With the controversy surrounding President Donald Trump’s call to a grieving military widow, lost in many of the conversations was where the soldier actually was stationed. He was in Niger, a landlocked country in western Africa with over 20 million citizens. Few Americans knew the U.S. military had any presence there.
Senators still have unanswered questions. The U.S. Senate Armed Services Committee was briefed by two top Pentagon officials about U.S. military presence in West Africa.
The Pentagon’s delay in their briefing to Congress “has been a source of frustration,” said Senator Gary Peters, who sits on the Armed Services Committee. “Chairman [John] McCain has also been outspoken, that we haven’t had the kind of information we need about West Africa.”
“Certainly the American people have the right to know when U.S. forces are being used in potentially combat situations like we saw in Niger,” said Peters. “I think most Americans are not aware of what’s happening West Africa. Quite frankly, I think a lot of my colleagues in Congress don’t fully appreciate what’s happening in West Africa right now.”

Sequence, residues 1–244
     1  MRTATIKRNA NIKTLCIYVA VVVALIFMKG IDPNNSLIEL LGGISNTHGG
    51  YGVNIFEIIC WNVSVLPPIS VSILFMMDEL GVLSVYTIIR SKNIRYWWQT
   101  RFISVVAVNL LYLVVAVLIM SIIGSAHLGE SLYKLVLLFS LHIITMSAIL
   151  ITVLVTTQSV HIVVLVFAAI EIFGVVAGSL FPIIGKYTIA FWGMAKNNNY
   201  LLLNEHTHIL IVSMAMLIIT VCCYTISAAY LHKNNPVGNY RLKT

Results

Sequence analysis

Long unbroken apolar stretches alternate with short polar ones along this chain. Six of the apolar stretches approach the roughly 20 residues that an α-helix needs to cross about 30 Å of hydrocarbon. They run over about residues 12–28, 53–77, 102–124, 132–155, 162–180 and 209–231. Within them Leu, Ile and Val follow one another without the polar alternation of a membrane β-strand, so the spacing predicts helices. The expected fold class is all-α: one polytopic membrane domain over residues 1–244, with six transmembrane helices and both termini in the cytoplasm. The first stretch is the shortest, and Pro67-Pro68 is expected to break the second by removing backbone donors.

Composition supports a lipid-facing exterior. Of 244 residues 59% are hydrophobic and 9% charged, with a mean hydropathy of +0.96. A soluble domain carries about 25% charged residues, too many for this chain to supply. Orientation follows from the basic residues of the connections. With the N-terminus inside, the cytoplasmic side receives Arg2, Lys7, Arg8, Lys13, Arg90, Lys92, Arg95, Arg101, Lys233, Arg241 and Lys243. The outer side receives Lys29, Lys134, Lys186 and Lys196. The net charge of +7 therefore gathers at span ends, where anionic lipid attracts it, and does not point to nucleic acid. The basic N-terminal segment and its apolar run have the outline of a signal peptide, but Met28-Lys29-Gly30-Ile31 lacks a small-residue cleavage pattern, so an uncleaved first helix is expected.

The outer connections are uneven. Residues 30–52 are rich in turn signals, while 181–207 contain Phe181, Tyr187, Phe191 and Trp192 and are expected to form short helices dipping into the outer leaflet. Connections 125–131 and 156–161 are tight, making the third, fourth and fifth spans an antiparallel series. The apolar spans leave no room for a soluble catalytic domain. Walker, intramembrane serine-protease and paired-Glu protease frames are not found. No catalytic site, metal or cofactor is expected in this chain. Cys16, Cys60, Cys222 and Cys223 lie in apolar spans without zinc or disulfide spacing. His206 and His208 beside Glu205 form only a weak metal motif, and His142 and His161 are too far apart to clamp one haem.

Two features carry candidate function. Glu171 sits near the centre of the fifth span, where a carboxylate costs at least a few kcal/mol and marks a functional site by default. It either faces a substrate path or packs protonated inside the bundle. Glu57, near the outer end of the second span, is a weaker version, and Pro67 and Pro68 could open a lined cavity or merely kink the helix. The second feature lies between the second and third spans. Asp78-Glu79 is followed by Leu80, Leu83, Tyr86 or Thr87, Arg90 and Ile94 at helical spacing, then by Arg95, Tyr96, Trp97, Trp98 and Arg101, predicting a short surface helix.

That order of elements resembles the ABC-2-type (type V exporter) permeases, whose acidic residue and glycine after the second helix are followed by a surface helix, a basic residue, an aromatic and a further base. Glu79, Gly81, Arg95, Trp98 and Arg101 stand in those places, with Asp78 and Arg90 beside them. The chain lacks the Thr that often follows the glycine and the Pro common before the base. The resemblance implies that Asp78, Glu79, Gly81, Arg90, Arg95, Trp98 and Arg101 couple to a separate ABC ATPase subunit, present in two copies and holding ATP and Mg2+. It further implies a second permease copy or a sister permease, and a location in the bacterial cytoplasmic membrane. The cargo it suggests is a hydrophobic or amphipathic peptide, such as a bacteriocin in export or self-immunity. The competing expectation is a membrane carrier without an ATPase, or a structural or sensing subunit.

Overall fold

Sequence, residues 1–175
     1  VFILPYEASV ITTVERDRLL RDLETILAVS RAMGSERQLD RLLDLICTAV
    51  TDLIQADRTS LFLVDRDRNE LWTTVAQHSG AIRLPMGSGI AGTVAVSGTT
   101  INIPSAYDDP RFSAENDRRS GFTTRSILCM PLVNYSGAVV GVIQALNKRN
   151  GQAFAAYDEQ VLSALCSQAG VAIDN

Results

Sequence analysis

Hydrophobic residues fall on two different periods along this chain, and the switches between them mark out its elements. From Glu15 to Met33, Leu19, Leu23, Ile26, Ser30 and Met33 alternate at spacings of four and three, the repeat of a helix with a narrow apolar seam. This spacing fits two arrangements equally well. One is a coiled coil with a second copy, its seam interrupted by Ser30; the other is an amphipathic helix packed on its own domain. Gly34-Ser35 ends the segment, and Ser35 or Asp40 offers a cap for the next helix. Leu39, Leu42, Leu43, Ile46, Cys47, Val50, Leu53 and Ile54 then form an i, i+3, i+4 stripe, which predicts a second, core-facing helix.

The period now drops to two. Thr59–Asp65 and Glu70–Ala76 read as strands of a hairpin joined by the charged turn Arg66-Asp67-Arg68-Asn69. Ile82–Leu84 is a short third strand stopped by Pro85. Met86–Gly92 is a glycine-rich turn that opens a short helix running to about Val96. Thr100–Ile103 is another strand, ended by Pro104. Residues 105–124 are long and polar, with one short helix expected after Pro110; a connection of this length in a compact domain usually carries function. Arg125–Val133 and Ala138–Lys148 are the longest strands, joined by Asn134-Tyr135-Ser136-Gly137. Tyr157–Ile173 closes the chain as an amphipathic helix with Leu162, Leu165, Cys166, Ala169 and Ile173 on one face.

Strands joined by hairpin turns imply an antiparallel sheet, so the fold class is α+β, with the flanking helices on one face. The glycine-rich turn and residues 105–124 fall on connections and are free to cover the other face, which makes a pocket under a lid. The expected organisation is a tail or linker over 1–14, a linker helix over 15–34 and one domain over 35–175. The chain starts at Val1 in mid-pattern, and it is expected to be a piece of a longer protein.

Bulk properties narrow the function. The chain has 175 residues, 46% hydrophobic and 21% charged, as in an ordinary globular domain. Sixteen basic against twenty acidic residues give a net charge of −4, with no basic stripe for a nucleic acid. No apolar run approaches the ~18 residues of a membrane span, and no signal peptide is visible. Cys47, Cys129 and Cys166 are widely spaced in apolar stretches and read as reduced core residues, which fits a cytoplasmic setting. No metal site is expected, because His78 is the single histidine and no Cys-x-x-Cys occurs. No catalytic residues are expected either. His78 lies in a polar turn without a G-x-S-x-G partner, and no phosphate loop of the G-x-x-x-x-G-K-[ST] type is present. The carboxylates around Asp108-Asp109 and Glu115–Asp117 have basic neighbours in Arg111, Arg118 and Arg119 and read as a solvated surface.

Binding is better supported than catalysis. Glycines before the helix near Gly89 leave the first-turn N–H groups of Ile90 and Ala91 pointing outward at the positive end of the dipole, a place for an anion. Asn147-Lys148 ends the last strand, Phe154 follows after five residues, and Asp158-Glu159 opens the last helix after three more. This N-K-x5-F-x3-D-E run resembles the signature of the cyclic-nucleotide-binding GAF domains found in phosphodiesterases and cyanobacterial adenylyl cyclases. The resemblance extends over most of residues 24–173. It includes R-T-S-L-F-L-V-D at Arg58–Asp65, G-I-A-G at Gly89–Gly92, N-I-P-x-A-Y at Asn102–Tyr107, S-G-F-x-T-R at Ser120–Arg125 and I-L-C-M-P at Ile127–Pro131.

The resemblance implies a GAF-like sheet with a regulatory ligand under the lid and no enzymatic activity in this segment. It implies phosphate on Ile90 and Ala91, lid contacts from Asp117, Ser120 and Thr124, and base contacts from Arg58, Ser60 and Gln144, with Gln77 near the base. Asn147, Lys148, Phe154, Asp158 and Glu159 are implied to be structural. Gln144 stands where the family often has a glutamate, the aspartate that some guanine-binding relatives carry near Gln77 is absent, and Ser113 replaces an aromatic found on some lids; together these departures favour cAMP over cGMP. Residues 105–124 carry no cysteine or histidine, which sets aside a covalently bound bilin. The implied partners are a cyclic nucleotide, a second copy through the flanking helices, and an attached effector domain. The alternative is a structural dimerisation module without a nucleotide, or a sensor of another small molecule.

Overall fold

Senator Peters is concerned that the attack in Niger, an action by ISIS, is indicative of a broader trend of terrorism. Peters, who spent this past summer in Nigeria, Niger’s neighbor to the south, noted that Boko Haram and ISIS have been involved in attacks against Nigerian citizens and its military.
Ultimately, Senator Peters believes Congress should revisit the Authorization for the Use of Military Force (AUMF), a 2001 law that gave the president great authority to use the military against those responsible for the September 11th attacks. Congress has repeatedly reauthorized the AUMF over the past 16 years. “We can’t just have an open blank check for military use around the world,” said Peters.
Listen above for the full conversation.